Collecting Antique Blue Ridge Pottery Dishes made in Appalachia
Antique Blue Ridge Pottery Dishes are a Very Desirable Collectible
Nostalgia and charm are two reasons collectors scour flea markets and yard sales for pieces of folk art known as Blue Ridge pottery. The plates and dishes made from the 1930s to 1950s by Blue Ridge Southern Potteries in southern Appalachia, feature bright colors and whimsical designs. Manufactured during the dreary days of the Great Depression and World War II, they quickly became popular with homemakers as a way to bring a little cheerfulness into their homes. They are a very desirable collectible today.
History of Blue Ridge Pottery Dishes
Blue Ridge Southern Pottery began making their popular Blue Ridge pottery dishes in 1938 in Erwin, Tennessee, an economically depressed area of Appalachia. Most dishes during that time period were made with dull, lifeless decals for decoration. Southern Potteries used a method of hand painting the dishes with very vibrant colors before the final glaze was fired which made the designs come alive. They recruited women from "up in the hills" that had no artistic training to learn the basic folk painting strokes used in creating these works of art. Using broken pieces of china for practicing the strokes, they soon acquired the speed and skill needed to produce the pieces. The technique gave the dishes a happy and less formal appearance that was very endearing to customers.
Working in a group of 4 to 6 women, one person would paint stems, another would add the leaves, while others were adding petals and other details. The patterns and jobs were changed frequently to prevent the work from becoming too monotonous.
Sales of the Blue Ridge Pottery dishes flourished during the 1940's especially during the years of WWII when imports were restricted. Much needed jobs were created by the plant as they employed as many as 500 painters who were making an average pay rate of 13 1/2 cents an hour. They were turning out an amazing 324,000 pieces each week.
At that time, Blue Ridge Southern Pottery was the largest hand painted china producer in the United States with 11 showrooms throughout the country including one on New York's Fifth Avenue. The dishes became a popular premium item that was offered by companies such as Quaker Oats and Avon. Stanley Home Products had their own Blue Ridge Pottery pattern called "Stanhome" which they offered as an incentive to purchasers of their home products. Major catalog publishers like Sears & Roebuck and Montgomery Ward carried Blue Ridge Pottery in their mail order selections. Grocery store chains offered them as a reward program gift to their faithful customers.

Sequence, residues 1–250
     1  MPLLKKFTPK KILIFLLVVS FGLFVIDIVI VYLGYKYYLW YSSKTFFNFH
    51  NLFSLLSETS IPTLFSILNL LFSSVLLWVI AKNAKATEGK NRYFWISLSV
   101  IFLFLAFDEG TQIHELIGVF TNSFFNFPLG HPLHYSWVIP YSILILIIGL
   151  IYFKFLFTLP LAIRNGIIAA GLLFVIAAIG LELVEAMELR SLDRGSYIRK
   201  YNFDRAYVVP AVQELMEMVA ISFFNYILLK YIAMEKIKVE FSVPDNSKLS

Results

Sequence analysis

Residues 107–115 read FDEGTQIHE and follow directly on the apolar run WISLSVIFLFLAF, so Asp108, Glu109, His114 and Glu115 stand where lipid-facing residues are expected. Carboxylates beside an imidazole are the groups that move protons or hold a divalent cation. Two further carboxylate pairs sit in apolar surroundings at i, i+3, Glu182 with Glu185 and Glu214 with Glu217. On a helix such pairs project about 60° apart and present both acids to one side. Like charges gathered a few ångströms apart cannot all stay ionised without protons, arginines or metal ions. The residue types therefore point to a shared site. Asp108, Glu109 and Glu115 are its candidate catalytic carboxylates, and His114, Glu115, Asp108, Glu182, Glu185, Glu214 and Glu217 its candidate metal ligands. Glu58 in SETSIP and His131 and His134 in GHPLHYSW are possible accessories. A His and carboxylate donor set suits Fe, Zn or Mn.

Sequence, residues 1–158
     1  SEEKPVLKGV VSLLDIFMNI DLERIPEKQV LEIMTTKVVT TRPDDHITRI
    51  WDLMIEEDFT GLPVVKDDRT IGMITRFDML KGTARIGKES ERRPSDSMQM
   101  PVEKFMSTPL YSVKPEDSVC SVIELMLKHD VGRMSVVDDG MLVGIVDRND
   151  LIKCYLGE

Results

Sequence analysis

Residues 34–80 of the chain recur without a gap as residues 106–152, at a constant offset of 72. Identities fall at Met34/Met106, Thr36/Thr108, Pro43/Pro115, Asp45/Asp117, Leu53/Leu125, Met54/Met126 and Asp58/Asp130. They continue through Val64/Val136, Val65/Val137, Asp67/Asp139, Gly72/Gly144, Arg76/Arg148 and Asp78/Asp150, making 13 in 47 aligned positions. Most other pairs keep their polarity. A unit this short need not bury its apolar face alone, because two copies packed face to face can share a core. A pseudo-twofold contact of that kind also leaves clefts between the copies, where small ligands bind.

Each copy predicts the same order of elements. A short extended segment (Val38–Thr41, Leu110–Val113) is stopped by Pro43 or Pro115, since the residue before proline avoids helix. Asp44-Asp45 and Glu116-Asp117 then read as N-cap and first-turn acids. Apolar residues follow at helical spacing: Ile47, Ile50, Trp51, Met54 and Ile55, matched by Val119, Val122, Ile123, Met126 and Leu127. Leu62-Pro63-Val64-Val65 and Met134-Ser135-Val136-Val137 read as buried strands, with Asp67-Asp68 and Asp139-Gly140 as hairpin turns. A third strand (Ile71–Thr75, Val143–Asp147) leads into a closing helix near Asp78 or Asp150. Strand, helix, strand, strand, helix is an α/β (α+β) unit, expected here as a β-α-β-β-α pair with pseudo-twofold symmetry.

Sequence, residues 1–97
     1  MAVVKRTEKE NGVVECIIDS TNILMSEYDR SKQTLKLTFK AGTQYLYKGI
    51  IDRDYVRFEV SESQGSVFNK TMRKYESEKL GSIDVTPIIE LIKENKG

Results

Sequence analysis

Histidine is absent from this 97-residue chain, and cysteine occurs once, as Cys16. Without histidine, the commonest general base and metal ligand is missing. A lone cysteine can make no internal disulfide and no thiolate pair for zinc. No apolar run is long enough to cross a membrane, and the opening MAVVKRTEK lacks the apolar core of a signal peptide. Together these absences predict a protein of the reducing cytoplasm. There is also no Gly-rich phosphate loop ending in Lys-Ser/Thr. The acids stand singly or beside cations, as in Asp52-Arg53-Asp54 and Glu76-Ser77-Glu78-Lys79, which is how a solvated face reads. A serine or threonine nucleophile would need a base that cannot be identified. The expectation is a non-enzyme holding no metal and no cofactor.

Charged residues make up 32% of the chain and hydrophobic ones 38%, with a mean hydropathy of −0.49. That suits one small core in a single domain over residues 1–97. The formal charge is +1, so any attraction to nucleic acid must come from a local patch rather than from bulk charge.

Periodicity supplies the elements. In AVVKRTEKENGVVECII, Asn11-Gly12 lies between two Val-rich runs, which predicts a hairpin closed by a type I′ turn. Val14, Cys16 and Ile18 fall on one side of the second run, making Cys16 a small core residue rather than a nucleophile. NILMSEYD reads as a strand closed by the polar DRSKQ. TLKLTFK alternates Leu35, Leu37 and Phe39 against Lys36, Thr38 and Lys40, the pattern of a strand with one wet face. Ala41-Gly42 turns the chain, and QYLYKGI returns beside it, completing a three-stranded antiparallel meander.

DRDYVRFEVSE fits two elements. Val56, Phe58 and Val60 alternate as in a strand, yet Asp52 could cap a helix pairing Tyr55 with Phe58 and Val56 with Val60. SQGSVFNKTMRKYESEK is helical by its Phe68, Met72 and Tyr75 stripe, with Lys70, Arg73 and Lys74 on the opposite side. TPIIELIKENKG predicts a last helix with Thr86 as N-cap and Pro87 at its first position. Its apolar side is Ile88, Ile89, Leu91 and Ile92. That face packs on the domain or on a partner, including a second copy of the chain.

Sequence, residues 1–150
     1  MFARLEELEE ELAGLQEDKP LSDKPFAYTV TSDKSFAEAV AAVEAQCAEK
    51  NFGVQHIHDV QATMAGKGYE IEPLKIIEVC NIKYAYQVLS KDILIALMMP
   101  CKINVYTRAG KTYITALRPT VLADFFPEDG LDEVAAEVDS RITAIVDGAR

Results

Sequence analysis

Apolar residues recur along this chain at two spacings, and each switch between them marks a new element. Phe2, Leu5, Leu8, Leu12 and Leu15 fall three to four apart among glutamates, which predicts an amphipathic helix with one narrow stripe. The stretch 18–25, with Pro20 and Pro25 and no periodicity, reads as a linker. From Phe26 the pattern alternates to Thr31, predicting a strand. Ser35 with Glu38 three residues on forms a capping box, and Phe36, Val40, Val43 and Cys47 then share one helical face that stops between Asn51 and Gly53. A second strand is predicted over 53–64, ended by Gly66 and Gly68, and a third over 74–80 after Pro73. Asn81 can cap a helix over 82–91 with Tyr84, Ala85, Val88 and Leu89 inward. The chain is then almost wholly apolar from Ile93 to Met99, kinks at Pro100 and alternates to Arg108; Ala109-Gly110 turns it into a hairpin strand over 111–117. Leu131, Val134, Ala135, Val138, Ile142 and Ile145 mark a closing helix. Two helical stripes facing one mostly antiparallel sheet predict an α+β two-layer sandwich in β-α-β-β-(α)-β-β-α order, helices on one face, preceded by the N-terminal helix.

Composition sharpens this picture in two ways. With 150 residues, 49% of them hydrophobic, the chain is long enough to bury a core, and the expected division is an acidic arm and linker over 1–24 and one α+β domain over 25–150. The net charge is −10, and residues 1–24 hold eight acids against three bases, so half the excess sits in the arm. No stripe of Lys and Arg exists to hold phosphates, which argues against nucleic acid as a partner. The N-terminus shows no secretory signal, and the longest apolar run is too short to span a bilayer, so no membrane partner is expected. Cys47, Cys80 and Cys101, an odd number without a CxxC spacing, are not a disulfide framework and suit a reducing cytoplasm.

After the war, trade with Japan was reopened and imports came flooding in to the US. Most American potteries could not compete with the lower priced imports and the increased labor costs associated with production. Another astonishing factor which led to decreased demand was the introduction during the 1950's of "unbreakable" plastic dishes! Sadly, Blue Ridge Southern Pottery closed its doors in 1957 and discontinued the beautiful dishes. Fortunately, they were able to pay their debts and stockholders and did not have to file bankruptcy.
Collectors Club Sponsors Annual Event
The Erwin National Blue Ridge Pottery Club is headquartered in Erwin, Tennessee. They sponsor an annual show each October for collectors to buy, sell or get appraisals for their Blue Ridge pieces.
The Blue Ridge Collectors Club hosts a show and sale the same weekend, also in Erwin. There are opportunities for you to win door prizes and purchase Blue Ridge at bargain prices. There are many beautiful displays as shown here which feature a variety of patterns.
2016 Blue Ridge Pottery Shows
The Blue Ridge Pottery shows for 2016 in Erwin, Tennessee are scheduled for October 6, 7, and 8.
Display at Blue Ridge Collectors Club Show and Sale
Books like this will help identify confusing patterns
Appealing but Sometimes Confusing to Antique Dish Collectors
Collecting these beautiful and colorful antique dishes is appealing to collectors, however, sometimes the hunt can be confusing. It is believed that there are between 4,000 and 5,000 different dish patterns, but most of the design records have been lost or destroyed over the years. Add to that the fact that Southern Potteries didn't name the patterns because they operated basically on a numbering system. Most of the patterns were named by the collectors. Therefore, you might have a description in a reference guide which refers to a dish pattern by one name and then find the same design in another source listed with a different name.
Surprisingly, the fact that the antique dishes were painted by hand added to the confusion. Painters sometimes added a flower, eliminated a piece of fruit, painted on extra leaves or made other alterations either by accident or intentionally. No two pieces were ever 100% alike. Collectors admit this sometimes prevents them from identifying a particular pattern but it is all part of the charm of the Blue Ridge pottery line of dishes.
My favorite pattern is known as "Mirror Image" and is shown above. When I set the table with my collection, I can't help but wonder about the hands that painted the beautiful red flowers. These ladies from the hills of Appalachia spent their days visiting with each other while they busily painted dishes that would become a part of history. If I listen closely I can hear the clatter of the dishes and the laughter of the folk artists.
My Newest Collection
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© 2011 Thelma Raker Coffone
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